Ready to play the WHY game?
It’s the only game where a toddler is evenly matched against an adult. Man and child go head-to-head in an intense game of wordplay and will.
I. The Objective
The Toddler: Armed with only the word “Why”, the Toddler seeks to gain knowledge while also attempting to stump his opponent.
The Adult: Equipped with years of experience and knowledge, the Toddler seeks to pass wisdom down without being befuddled by a smug 3-year-old.
The Onlooker: Filled with judgmental eyes, the Onlooker changes the flow of the game and the strategy of both participants without even saying a word.
The winner is the person that is the last to offer a reply.
II. The Toddler
Toddlers usually assume one of 3 roles when playing this game:
The Cute One – This little one is genuinely interested in understanding why something is the way it is. She loves the sound of the adult’s voice and is delighted at the new information that can be easily accessed.
The Annoying One – This one reacts to something that he shouldn’t be doing. This toddler is looking for a way to justify his actions so he asks the question while slowly slipping into the role of The Cute One.
The Clueless One – This little guy asks Why for no reason at all. He isn’t interested in the answer and he mainly just wants to hear himself speak.
III. The Adult
Just as the toddler is able to assume multiple roles, the same is true for the parent.
Those roles include:
The Thoughtful Parent – This parent never lies and tries to give the child a complete and valid answer to the Why question leaving himself open for more rounds of the Why game.
The Disciplinary Parent – This parent just caught the kid being bad. The parent tries to be sensible and gives a stern, but valid answer to the Why question. However, this parent does not permit the Why game to go on more than 1 or 2 rounds.
Angry Man – This parent wants no part of the Why game. He doesn’t even give valuable information as to the reason why. This parent probably says things like, “Because I said so” or “Shut up!” No parent plans to be Angry Man, but it can sometimes happen.
Misc. Adult – This adult is probably a babysitter or a friend of the family. He or she cares nothing for your philosophy of how to handle the Why game. This adult doesn’t even care to play often saying anything that comes to mind.
IV. The Onlookers
Unlike the two in battle, onlookers come in all age groups. The onlookers all leave the Parent at a disadvantage. Here are the most common:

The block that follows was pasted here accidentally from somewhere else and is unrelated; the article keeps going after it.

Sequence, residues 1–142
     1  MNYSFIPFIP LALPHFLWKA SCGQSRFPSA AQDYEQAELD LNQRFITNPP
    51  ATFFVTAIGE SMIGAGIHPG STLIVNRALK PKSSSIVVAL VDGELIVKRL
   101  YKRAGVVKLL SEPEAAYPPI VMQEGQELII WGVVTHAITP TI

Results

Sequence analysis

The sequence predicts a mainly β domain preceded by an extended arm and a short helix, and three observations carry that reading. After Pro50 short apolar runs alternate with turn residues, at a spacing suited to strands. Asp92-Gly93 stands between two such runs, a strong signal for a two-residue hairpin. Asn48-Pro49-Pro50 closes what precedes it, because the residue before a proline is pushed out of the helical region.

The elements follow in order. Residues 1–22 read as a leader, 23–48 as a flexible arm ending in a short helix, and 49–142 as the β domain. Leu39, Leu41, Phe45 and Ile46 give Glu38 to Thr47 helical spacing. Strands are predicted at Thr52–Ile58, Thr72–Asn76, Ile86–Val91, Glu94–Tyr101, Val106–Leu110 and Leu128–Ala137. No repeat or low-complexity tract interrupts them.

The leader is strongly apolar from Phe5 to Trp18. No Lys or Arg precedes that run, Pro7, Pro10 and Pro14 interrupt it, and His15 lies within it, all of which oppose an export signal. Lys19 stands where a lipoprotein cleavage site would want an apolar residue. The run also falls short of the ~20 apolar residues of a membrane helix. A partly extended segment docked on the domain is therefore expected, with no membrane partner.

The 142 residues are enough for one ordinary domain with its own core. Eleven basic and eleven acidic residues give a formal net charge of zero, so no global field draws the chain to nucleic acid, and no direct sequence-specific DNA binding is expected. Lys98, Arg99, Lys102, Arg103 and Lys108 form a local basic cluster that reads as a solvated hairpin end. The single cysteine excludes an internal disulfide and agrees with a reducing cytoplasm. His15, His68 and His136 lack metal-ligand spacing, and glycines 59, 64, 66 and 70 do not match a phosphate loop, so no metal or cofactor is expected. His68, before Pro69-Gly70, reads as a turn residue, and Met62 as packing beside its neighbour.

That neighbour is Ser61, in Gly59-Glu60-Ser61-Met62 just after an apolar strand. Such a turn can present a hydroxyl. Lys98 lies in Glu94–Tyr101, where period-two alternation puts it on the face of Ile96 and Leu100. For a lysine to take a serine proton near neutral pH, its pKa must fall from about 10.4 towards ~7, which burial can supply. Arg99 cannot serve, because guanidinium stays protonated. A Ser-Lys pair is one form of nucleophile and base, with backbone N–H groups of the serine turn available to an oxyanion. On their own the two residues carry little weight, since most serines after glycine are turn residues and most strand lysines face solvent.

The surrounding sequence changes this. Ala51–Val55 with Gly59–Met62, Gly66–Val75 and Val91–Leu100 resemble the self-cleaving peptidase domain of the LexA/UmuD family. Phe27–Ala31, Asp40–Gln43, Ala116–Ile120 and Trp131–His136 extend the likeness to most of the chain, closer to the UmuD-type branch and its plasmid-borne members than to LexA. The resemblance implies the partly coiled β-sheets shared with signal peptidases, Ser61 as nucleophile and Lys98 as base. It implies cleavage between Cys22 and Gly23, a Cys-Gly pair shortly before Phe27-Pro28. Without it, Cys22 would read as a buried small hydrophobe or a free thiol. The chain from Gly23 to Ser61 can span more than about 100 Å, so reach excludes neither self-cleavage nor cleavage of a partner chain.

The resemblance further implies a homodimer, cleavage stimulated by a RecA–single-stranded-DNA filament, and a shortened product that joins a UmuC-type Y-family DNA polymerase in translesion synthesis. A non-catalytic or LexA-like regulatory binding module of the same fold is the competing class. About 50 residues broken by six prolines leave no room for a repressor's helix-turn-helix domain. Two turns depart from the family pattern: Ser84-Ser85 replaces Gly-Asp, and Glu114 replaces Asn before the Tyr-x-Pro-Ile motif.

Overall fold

The Tickled Grandparent – This is the Adult’s mom or dad. They remember how annoying the Adult was at that age and can’t wait to see how it’s handled. This can cause the Adult to alter his strategy while also giving the child confidence to continue his/her quest of asking Why.
The Older Child – This child has already been through the Why phase. This child it seeing if the game will be handled better than it was during his time as a toddler. This child is also looking for ammo that can be used against the Adult if the Adult shows any signs of favoritism.
The Advice Giving Childless Friend – This friend is probably witnessing the Why game for the first time and has all of these bright ideas how to handle it not realizing that the Adult knows what he/she is doing. This friend gives unwarranted advice freely scrutinizing the Adult for any mismanagement of information. The Adult may even be tempted to pass the game onto the Friend.
The Teacher – The teacher has a degree. The teacher is an expert. The teacher knows exactly what the Adult should do and immediately begins to criticize if the Adult is “wrong”.
The Spouse – Both are experienced Why game players. However, their strategies may be different. The onlooker Adult is looking to say, “I told you so” at any moment.
Why Game: Winnable Strategy
Let’s talk about a winnable strategy for the Adult.
Because The toddler always wins and he must be stopped.
Sorry, Angry Man took over.
Just follow these guidelines to always win.
Winning is not just about getting the toddler to stop asking Why. Winning is about getting the toddler to stop asking Why ANNDD giving him positive answers that promote thought.
Sometimes our thoughts are all we have. It’s important that we control and direct our thoughts toward prosperous means. We would thus be creating and nurturing this habit in the toddler.
So enough with all that mumbo jumbo. Let’s get into the Winnable Strategy.
A. Always have an answer
B. Don’t Lie
C. Be Positive
D. If you don’t know the answer, say so but suggest that you research the answer together.
Got a funny Why Game story, tell it to us in the comments.